That’s one reason why more than 20,000 women (and some men, too) recently flocked to CurlFest, an annual gathering that celebrates the beauty of natural hair.
Organizers call the festival “a mecca of afros, twist-outs, curls (and beards!) set to a soundtrack of positive energy” — and the vibes definitely seemed happy at the huge gathering in Prospect Park in Brooklyn, New York.
For some African-American women who attended, it was a novel experience to be surrounded by so many people who looked like them, said Simone Mair, the co-founder of Curly Girl Collective (CGC), the event marketing group that launched CurlFest in 2014.
“They’ve just never been in a place where they’ve seen so many women of color,” Mair told TODAY Style. “A lot of people talk about the energy. There’s a lot of love in the air, this feeling of community.”
Stuff We Love
The festival included live hair demos, games and giveaways — but above all, it was a chance for people with natural hair to feel embraced and surrounded by other people of color who are rocking their natural strands.
The idea for the Curly Girl Collective was born about seven years ago, when Mair and some other women started an email chain to swap their natural hair care tips. When they finally all met in person, it was a revelation.
“We realized there’s something unique and special” about actually meeting other people who understand what it’s like to have natural hair, co-founder Tracey Coleman told TODAY Style.
“It’s one thing to go online and research people’s regimens and download tutorials and those sorts of things, but if you’re right in front of someone and able to talk about their hair and touch their hair and hear their experiences, (it’s) kind of a way to pass that information and that experience onto someone else,” she said.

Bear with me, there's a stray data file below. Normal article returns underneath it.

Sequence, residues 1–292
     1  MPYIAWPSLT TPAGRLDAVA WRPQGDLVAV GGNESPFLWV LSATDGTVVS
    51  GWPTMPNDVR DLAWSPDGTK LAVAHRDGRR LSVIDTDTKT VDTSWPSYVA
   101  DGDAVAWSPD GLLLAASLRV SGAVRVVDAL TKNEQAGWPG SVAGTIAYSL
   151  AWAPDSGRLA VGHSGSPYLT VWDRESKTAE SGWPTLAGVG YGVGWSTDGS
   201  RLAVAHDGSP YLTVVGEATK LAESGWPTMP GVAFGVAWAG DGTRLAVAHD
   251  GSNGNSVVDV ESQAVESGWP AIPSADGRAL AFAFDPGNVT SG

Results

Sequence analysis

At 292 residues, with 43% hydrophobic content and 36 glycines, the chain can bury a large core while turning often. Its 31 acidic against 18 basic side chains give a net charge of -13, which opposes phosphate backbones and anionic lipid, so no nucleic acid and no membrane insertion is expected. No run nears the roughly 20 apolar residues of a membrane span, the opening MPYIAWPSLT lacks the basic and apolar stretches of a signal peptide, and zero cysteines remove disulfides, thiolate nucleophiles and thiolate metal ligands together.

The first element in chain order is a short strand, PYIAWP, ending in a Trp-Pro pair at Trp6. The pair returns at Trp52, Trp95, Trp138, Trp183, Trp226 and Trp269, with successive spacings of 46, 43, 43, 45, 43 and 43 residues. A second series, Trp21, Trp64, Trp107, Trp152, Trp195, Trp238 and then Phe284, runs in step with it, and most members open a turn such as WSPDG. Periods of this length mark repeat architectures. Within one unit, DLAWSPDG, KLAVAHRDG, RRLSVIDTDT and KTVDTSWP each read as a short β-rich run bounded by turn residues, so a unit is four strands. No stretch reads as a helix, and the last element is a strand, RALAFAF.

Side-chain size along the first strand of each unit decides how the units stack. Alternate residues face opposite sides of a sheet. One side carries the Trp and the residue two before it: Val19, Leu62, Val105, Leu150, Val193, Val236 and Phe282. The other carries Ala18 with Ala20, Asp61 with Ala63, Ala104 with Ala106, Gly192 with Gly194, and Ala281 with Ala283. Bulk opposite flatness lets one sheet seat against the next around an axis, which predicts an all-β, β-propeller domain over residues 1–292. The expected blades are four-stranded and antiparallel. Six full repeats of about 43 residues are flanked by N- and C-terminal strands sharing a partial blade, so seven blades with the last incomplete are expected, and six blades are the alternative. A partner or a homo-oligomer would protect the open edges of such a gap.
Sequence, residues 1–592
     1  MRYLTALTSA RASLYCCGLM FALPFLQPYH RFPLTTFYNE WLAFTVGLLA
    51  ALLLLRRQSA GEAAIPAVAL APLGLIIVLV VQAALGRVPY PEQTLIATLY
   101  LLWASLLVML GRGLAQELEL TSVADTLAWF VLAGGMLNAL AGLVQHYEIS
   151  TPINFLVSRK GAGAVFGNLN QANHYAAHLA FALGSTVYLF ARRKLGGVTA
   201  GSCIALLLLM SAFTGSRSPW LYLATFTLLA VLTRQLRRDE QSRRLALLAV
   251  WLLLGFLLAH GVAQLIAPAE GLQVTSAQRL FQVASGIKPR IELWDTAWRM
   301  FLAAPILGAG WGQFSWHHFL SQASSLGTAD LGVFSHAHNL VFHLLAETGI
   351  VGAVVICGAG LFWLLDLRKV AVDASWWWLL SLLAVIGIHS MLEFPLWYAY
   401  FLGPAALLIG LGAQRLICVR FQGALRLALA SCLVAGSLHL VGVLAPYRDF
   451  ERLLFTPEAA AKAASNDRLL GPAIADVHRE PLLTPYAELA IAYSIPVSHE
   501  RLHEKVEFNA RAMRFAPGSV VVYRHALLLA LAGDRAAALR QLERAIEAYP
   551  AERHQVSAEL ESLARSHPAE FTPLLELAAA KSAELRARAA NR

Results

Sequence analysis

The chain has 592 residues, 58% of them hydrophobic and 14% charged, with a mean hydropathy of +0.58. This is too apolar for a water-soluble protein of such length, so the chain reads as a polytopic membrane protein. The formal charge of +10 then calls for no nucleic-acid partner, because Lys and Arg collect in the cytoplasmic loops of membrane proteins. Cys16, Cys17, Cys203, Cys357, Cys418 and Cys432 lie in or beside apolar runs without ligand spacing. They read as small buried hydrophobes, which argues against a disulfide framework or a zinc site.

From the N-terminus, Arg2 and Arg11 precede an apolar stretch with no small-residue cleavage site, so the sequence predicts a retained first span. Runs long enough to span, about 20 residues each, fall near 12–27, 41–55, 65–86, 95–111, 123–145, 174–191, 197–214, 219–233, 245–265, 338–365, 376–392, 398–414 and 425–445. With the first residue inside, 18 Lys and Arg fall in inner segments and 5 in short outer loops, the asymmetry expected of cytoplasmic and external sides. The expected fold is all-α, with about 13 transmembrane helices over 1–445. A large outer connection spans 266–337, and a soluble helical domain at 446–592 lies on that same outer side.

The Curly Girl Collective launched CurlFest in 2014, and the festival’s popularity has been growing exponentially since then. Just under 1,000 people came the first year and by last year, more than 20,000 people flooded Prospect Park for the annual celebration. A record number of people came to this year’s gathering, Coleman said.
For Coleman, Mair and the other founders, CurlFest is a powerful way for women to embrace their natural beauty in a society that often tells women and girls that curly hair is somehow less than desirable.
“From a historical standpoint … textured hair really wasn’t looked at as a standard of beauty,” Melody Henderson, CGC’s creative director, told TODAY Style. “Everything from what our dolls looked like growing up, to (how we are) portrayed in terms of lead roles and commercials … When we conceived CurlFest, it really allowed a platform for these people to be celebrated, to be celebrated on a larger scale.”
For co-founder Charisse Higgins, the mission of CurlFest also ties in with her personal journey.
“I got my first perm when I was 4 years old,” she told TODAY Style. “That was a decision that my mother made because it was just easier for her to deal with my hair. That was her ideal of beauty. She thought straight hair was beautiful, and not so much natural hair.”
It wasn’t until Higgins got to college and saw other women embracing their natural strands that she also decided to celebrate her hair’s texture by getting a short “Halle Berry cut.”
“It was the best decision that I made,” she said. “I felt beautiful, I felt unique, I felt like myself.”
Higgins hopes that CurlFest will give other women the same confidence to celebrate their natural beauty. And that’s why, for Higgins and the other founders, CurlFest has evolved to be about much more than hair.
“It’s more about confidence and it’s more about self-love and more about relaying to children ... that the way your hair grows from your head should be embraced,” she said.